Sermorelin reaches peak concentrations in about 5 to 20 minutes, and it does not affect the release of other hormones such as prolactin, luteinizing hormone, follicle-stimulating hormone, insulin, cortisol, glucose, glucagon, or thyroid hormone.5 Another study indicated that the incidence of low thyroid hormone (hypothyroidism) was 6.5% in clinical trials. Untreated hypothyroidism can also impact how well sermorelin works.
There has been little additional research on sermorelin since 2008 because the manufacturer EMD Serono had supply issues obtaining the active ingredient. There were no reports of any safety or efficacy concerns.5
Do I have to take Sermorelin on an empty stomach?
Free fatty acids and changes in blood sugar levels can affect growth hormone release. Taking sermorelin on an empty stomach helps ensure that you receive the full benefit of the medication. For best results, take sermorelin before bedtime and resume normal mealtimes the next day.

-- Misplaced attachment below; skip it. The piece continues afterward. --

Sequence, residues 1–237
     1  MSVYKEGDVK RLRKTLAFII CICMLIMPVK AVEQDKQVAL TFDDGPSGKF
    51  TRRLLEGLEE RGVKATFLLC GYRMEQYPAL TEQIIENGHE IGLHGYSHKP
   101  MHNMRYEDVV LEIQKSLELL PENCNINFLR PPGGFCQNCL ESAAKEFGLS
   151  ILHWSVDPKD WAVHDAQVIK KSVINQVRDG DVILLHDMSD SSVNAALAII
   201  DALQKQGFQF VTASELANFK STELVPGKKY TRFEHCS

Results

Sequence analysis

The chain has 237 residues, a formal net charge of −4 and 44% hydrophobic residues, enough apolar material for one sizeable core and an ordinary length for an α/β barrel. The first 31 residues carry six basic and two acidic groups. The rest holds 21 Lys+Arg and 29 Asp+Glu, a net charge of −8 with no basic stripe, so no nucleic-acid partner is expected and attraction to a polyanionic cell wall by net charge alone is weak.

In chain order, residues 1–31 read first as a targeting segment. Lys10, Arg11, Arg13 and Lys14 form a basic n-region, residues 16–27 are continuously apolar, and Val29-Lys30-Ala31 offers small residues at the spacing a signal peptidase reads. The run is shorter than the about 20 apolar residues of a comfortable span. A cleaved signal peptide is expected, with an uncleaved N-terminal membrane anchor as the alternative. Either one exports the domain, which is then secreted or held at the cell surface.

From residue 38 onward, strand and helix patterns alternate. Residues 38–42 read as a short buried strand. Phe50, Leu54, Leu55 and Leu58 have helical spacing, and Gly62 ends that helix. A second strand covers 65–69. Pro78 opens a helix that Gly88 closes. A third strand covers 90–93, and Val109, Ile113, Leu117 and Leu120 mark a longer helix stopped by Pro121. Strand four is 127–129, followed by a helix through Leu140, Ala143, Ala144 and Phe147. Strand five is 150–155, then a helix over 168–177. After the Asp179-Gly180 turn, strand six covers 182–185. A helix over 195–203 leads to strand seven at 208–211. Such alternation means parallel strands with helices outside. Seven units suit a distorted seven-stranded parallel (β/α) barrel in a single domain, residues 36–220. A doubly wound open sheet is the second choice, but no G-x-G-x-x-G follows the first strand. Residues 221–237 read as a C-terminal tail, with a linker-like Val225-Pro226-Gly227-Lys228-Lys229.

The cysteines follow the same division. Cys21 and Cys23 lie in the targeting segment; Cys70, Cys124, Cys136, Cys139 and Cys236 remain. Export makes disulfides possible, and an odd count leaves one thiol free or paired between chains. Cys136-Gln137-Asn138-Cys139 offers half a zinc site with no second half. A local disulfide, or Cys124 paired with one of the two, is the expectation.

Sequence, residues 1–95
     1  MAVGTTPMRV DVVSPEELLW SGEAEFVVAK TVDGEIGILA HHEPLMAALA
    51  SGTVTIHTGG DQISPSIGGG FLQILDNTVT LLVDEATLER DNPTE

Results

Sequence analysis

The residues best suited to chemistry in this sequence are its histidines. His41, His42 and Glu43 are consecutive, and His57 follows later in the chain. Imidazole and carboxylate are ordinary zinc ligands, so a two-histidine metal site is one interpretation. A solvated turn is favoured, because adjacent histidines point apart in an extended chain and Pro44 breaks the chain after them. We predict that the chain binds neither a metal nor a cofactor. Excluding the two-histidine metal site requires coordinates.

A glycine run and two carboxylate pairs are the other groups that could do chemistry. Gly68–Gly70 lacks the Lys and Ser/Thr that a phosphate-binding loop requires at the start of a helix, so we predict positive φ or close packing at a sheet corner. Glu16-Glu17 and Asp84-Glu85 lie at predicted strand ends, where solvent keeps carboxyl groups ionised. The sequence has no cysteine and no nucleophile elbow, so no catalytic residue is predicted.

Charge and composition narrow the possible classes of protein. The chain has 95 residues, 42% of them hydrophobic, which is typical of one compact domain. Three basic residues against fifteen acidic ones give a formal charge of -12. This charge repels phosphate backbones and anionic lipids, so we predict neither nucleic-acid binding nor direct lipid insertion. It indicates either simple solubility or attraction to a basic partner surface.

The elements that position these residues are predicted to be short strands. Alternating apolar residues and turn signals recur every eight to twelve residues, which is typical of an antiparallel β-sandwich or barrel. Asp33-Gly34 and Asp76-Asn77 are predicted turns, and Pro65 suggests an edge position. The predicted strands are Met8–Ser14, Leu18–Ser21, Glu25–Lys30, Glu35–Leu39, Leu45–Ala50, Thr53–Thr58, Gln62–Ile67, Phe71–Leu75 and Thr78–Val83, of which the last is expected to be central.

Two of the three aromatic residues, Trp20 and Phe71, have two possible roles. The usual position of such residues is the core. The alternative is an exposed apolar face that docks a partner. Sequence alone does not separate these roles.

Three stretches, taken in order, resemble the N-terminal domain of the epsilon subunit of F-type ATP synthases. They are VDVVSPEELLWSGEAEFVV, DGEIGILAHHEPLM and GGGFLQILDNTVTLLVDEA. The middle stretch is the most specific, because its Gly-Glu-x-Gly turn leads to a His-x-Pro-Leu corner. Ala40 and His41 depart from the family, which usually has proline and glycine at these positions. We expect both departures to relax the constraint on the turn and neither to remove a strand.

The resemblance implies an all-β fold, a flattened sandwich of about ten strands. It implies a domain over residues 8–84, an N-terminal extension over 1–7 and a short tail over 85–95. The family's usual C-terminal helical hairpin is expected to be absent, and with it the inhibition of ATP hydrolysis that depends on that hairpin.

Sermorelin was an FDA-approved medication marketed as Geref. The manufacturer discontinued the medication due to supply-chain issues and competition with growth hormone as a treatment for growth hormone deficiency in childhood. Interestingly, the reason sermorelin was not an optimal growth hormone deficiency treatment in childhood makes it optimal as a treatment for aging adults.
Sermorelin stimulates the natural release of growth hormone, a safer alternative than replacing GH in adults. Children with growth hormone deficiency cannot stimulate enough of their own growth hormone, which makes sermorelin less useful for this purpose.6
Preliminary results from studies conducted before 2008 indicate that sermorelin increases growth hormone levels, potentially reversing the signs of aging associated with growth hormone declines.